The Indigenous Dawn of the San Gabriel Mountains | KCET
The Indigenous Dawn of the San Gabriel Mountains
The brilliant heritage of the San Gabriel Mountains is largely unknown to millions of Southern Californians. Etching a captivating relief into the horizons of Los Angeles each morning, they chart a rousing history that enriches the region's collective identity. Far from a mere geological backdrop, these omnipresent mountains have fostered, threatened, and inspired generations of civilizations that have taken root in Los Angeles and its greater areas. The historical and cultural impact of the San Gabriels on one of the most populous metropolitan areas in the world is astonishing, yet few have heard their stories.
Land-god vs Sea-god and Mount Baldy
One of the earliest indigenous people believed that the first chapter of the San Gabriel Mountains began on the highest summit in the range, Mount San Antonio, more commonly known as Mount Baldy. In the creation legend of Mount San Antonio, published in G. Hazen Shinn's "Shoshonean Days," John Morongo, son of a Yuhaviatam leader in Morongo Valley, recounts a time, when "there was nothing; all was darkness." Then two quarrelsome brother deities, Sea-god and Land-god, worked together to beget land, sea, and animals. The brothers fell into discord, however, over their opposing visions for man's form. The disagreement turned disastrous when Land-god decided to create man to his liking, while Sea-god was away:
It was believed that Land-god, from his position at the apex of Mount San Antonio, sculpted these ramparts that thwarted Sea-god. Around the same mountain, according to another legend, the Yuhaviatam people (also known as Serranos) came to settle, after following a "pure white eagle, the bird of their great captain Kukitatc, (Land-god)" from the north. The symbolic peak of Mount San Antonio marked an approximate boundary between Yuhaviatam territory, which primarily occupied the eastern end of the San Gabriels, and parts of the San Bernardino Mountains, and the expansive realm of the Tongva (later known as Gabrielinos) to the west.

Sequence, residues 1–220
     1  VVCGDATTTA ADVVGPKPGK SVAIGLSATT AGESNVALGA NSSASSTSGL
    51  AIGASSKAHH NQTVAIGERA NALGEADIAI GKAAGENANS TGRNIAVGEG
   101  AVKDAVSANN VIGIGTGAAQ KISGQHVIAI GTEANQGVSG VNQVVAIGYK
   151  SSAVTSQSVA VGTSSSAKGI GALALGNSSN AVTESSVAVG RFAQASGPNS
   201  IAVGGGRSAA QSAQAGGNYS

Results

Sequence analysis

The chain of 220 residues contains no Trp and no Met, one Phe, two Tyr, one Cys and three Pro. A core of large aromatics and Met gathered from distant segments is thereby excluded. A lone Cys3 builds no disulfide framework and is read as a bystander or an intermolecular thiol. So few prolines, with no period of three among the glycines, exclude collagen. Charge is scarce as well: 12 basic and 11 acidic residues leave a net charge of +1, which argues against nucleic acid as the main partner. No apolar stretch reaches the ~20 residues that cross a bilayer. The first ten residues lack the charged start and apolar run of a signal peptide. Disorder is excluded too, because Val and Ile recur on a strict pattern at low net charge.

Asuksangna and the San Gabriel River
Mount San Antonio was also of vital importance to the thriving Tongva communities in the lowlands of the San Gabriel Valley. One of the largest permanent villages, Asuksangna, was established near the gaping drainage of the San Gabriels' largest watershed, which collected the generous snowmelt of Mount San Antonio. In the looming shadow of the mountain, the San Gabriel River was born, and was the lifeblood of Asuksangna and other villages that dotted the valley south to the sea.
On a rise just south of San Gabriel Canyon, the thatched huts of Asuksangna, known as a kich, stood firm above the river, subject to extensive winter flooding in the wet winter months. As spring warmed the foothills and mountain flora ripened, the Tongva would prepare to make their seasonal ascent, up ancient mountain footpaths, into cooler climates to construct summer and autumn camps. The purpose of these seasonal migrations was crucial: to obtain enough food and material to ensure a sustainable, and ultimately survivable, winter down in the valley.